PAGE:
Schoharie County

Schoharie County eyes suit against NYPA

Though no public entity can be blamed for Tropical Storm Irene and its resulting flooding last year,

With a pair of 5 billion gallon reservoirs looming upstream from Schoharie County communities, the New York Power Authority controls critical infrastructure on the Schoharie Creek.

And though no public entity can be blamed for Tropical Storm Irene and its resulting flooding last year, Schoharie County intends to bring a probe of the authority’s Blenheim-Gilboa hydroelectric facility to the courts. The county’s Board of Supervisors this week held a special meeting and agreed to pursue litigation against NYPA, owner of the Blenheim-Gilboa Pumped Power Project.

County Attorney Michael West said the board met in a closed session Tuesday evening and voted unanimously to hire an engineering firm to begin research. The county received judicial approval earlier this year to file a late notice of claim and there’s a one-year deadline for legal action to be filed, West said.

That deadline would be Aug. 28, the day when the Schoharie Creek, fueled by historic tropical rainfall, swept through homes, farms and main streets and sent hundreds of people fleeing for high ground.

It’s unclear yet what the county will claim and West said he could not divulge legal strategy that was discussed during the board’s executive session. But if there’s any liability due to the way the Power Authority’s facility was operated during the disaster, West said it’s the county’s responsibility to find out.

“It’s our opportunity to make sure that we did right. A lot of people were affected,” West said.

Legal action on the part of the county would relate only to county-specific losses, he said, but those losses also affect taxpayers, who are expected to foot the bill for lost taxable value.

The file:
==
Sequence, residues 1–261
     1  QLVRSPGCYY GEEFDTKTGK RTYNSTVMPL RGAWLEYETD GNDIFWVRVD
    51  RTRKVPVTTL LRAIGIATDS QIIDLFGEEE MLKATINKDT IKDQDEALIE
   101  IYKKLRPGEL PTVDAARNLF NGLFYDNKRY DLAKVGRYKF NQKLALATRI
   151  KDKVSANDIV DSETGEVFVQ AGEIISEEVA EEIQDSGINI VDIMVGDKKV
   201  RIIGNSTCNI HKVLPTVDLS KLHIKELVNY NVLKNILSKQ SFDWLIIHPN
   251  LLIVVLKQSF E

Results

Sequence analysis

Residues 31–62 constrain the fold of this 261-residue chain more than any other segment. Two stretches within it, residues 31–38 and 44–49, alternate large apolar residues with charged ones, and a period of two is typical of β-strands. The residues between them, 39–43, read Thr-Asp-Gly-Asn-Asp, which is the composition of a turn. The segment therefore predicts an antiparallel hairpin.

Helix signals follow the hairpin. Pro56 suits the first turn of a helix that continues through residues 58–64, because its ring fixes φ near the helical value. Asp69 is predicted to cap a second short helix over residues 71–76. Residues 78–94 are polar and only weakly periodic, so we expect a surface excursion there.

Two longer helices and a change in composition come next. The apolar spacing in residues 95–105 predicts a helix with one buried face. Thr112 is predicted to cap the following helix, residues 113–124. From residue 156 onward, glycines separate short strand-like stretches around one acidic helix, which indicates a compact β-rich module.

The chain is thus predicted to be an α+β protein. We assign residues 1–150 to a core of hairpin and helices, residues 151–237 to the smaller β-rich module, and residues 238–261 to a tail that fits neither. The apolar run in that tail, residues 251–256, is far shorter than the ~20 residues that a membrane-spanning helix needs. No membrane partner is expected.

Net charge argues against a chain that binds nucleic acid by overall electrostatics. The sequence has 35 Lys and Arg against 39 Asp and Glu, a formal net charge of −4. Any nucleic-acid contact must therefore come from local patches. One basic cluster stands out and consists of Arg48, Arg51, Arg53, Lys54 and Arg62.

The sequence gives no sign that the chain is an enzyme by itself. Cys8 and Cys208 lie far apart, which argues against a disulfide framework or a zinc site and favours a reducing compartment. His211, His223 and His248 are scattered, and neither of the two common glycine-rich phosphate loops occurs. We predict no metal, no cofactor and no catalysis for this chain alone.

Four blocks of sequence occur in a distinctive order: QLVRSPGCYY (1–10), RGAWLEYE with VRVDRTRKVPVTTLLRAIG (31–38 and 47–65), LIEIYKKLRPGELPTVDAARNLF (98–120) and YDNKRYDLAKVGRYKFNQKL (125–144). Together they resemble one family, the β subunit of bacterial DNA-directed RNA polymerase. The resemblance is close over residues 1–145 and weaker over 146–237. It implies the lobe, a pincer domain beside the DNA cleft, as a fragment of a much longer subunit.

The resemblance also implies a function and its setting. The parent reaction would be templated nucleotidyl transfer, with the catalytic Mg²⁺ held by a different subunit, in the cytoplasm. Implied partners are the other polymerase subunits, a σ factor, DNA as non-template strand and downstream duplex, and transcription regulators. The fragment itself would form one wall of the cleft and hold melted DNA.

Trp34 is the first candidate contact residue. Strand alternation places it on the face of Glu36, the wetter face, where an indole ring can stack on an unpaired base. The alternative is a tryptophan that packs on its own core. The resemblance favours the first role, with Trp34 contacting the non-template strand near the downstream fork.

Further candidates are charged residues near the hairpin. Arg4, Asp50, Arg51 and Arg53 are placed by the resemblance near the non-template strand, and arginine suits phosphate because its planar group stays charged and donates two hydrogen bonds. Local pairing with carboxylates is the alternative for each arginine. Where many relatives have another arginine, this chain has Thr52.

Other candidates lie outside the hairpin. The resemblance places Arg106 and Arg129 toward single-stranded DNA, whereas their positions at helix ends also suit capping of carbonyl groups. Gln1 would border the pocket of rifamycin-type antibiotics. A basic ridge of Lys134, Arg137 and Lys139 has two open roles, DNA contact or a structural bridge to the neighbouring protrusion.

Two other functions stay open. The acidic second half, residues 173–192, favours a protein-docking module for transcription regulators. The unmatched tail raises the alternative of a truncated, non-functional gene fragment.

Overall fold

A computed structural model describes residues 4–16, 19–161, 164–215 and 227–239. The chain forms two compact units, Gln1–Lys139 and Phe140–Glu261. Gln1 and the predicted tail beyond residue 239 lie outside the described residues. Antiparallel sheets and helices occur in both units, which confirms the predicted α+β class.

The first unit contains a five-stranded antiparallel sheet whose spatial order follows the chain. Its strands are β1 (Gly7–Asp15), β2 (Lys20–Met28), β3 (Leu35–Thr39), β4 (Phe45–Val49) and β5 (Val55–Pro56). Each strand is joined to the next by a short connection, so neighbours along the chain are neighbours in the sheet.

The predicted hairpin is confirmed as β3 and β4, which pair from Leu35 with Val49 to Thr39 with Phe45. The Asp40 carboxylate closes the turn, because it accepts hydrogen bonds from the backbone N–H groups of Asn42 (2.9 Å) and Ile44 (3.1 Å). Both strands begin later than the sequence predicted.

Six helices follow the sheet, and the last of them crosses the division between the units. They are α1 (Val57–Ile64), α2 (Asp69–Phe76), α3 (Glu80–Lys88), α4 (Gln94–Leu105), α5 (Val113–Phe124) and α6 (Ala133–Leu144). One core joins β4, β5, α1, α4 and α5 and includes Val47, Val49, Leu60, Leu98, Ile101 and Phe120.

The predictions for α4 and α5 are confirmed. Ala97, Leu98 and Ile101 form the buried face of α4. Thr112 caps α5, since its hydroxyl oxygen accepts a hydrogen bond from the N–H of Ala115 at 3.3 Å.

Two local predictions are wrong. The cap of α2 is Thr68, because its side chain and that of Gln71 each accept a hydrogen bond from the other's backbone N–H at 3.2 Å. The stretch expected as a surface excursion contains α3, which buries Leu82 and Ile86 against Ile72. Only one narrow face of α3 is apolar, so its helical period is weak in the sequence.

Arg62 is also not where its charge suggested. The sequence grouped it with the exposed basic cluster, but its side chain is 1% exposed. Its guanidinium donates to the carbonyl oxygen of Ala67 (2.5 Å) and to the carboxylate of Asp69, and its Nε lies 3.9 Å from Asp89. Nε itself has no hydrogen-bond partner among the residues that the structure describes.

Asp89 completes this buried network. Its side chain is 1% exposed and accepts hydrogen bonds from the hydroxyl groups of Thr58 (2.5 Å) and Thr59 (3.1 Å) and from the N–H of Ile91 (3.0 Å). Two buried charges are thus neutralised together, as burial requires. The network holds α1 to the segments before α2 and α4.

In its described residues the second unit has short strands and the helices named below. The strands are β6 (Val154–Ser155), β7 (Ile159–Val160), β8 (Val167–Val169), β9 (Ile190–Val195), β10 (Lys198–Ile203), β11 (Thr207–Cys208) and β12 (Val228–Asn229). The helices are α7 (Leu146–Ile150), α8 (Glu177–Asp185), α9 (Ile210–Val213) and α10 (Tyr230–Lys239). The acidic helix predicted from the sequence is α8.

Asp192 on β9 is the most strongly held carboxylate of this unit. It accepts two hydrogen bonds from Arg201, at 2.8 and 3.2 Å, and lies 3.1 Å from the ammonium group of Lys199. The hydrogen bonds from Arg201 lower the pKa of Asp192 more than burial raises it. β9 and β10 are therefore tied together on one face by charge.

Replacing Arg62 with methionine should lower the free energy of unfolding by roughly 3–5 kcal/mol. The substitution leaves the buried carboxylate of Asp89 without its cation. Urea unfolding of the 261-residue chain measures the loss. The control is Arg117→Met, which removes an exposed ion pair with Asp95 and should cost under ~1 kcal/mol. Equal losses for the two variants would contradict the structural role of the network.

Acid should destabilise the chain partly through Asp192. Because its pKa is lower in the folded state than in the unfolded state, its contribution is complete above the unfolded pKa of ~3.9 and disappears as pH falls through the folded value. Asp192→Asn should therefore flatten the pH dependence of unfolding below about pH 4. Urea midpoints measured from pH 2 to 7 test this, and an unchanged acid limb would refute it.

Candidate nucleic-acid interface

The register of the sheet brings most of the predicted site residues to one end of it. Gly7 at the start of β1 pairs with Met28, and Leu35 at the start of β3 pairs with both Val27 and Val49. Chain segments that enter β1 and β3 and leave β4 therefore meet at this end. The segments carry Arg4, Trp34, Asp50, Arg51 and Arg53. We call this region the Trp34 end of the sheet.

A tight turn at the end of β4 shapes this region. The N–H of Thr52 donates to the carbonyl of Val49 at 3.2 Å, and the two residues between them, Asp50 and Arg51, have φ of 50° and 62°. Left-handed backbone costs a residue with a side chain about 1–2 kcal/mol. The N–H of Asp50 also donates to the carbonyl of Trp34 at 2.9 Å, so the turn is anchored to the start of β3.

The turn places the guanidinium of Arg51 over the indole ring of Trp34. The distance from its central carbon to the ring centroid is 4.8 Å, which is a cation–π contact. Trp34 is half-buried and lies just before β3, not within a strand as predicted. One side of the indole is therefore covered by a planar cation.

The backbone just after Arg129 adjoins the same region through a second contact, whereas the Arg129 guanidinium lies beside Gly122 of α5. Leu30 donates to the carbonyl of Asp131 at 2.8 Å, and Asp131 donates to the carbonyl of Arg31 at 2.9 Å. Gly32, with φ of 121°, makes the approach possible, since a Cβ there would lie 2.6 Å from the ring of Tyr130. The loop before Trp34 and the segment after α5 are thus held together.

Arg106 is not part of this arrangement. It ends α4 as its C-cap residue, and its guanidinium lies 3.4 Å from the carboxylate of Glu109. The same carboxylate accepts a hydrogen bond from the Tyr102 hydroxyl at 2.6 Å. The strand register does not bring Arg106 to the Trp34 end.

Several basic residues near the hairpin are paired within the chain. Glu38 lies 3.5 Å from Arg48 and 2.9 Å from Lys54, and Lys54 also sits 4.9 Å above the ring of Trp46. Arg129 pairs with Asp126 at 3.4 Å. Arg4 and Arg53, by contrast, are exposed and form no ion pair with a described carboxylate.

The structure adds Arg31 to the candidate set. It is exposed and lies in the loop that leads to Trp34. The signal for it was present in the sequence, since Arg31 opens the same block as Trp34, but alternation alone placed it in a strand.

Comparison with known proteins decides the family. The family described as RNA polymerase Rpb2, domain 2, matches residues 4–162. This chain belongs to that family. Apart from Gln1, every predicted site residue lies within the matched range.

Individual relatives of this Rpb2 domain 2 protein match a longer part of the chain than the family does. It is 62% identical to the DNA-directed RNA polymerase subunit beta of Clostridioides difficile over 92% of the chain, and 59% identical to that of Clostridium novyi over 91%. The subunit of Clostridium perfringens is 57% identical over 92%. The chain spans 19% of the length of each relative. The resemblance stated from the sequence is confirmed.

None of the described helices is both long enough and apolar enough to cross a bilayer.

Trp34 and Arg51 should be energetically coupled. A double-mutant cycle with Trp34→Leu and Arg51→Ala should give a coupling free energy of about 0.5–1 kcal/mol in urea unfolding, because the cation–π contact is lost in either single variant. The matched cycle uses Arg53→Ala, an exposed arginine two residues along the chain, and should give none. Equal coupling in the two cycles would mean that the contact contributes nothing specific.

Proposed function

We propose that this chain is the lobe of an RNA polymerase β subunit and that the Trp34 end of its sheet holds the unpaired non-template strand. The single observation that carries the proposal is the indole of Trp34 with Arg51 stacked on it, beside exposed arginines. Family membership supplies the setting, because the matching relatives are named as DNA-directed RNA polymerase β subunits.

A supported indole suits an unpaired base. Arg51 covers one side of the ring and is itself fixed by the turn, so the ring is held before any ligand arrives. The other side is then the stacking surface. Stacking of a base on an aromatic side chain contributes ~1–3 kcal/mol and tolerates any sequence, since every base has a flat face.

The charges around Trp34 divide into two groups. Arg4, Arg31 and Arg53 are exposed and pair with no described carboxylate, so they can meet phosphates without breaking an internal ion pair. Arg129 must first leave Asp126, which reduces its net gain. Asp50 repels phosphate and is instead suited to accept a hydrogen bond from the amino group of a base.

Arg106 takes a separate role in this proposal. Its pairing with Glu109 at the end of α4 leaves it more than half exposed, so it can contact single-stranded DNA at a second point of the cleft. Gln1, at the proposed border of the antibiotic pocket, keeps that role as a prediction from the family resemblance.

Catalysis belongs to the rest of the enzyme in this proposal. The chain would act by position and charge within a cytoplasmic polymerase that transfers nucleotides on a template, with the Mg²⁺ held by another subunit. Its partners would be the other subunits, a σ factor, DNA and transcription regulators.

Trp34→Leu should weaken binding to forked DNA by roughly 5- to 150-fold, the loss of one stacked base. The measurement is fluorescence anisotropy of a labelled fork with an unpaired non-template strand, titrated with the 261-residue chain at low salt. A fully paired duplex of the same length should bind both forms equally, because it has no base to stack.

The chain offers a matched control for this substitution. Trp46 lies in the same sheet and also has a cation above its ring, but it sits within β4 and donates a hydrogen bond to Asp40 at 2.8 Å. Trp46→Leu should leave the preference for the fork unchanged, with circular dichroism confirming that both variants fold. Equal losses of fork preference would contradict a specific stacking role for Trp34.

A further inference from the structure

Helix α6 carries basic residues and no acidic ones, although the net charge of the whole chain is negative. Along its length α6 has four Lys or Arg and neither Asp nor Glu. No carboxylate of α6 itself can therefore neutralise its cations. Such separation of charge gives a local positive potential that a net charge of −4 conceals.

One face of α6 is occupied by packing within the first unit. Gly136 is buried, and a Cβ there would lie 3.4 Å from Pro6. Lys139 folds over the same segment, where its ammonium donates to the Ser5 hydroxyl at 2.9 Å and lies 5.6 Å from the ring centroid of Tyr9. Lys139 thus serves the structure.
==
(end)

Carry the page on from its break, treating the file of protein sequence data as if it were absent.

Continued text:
Engineers will be “looking at whether the Power Authority did, everything they could have done,” West said.

He said in cases alleging negligence, a jury could find an entity partially liable and award monetary damages based on a percentage of the total damage.

It’s conceivable, West said, that operation of the hydroelectric facility could have affected the severity of damage in communities downstream.

“The question is what did they know, when did they know it, how much time, was it foreseeable, wasn’t it foreseeable,” West said.

Staff at the Blenheim-Gilboa facility were lauded following the disaster for their actions in maintaining the facility during the throes of flooding.

In a report issued to federal regulators, NYPA outlined several steps staff took in response to the storm as well as difficulties they faced when trying to release water from the lower reservoir. Water levels grew so fast that the facility’s lower reservoir began reaching heights that threatened the earthen dam that holds back 5.32 billion gallons of water. The water level on Aug. 28 rose to 898 feet — just 11 feet below the 910-foot level that could wipe out the earthen dam.

Power to the facility went out due to storm damage, so crew members began making use of an emergency generator to try to get the gates open to release water. When that generator failed, employees found a portable generator and used a power drill to eventually open all three gates.

Residents have posited numerous theories about how the NYPA facility — and the New York City’s Gilboa Dam and Schoharie Reservoir just upstream — played a role in the severity of damage following Irene. Some have suggested opening the gates at the NYPA dam caused a wall of water to sweep through the valley, while others have suggested levels in the massive reservoirs should have been lowered in advance of the storm’s arrival.

Some have theorized that NYPA made sure the reservoirs were filled to capacity before the storm, anticipating the need for power if the hurricane hit the East Coast and New York City, as initially expected.

Contrary to those assertions, Lynn H. Hait, NYPA’s regional manager for Central New York, told a crowd of hundreds at a public meeting earlier this year that the power project actually lessened the extent of flooding due to quick thinking on the part of staff. The crew began pumping water from the lower reservoir into the upper reservoir on Brown Mountain during the massive flood, he said.

Hait displayed graphs showing that more water entered the lower reservoir than spilled from the dam because crew members pumped so much water into the upper reservoir.

Completed in 1973, the Blenheim-Gilboa facility creates power by releasing water out of a reservoir on Brown Mountain. The water falls roughly 1,200 feet into penstocks — huge tubes — and rotates turbines capable of producing about 1,160 megawatts of power.

The massive facility is so large it wields “black start” capability — meaning it can jump start the entire state’s power grid in the wake of a massive power outage.

The facility was licensed by the then-Federal Power Commission, now the Federal Energy Regulatory Commission, back in 1969. That 50-year license is due to expire in April 2019, and NYPA officials have said they expect a formal relicensing project will begin around 2014.

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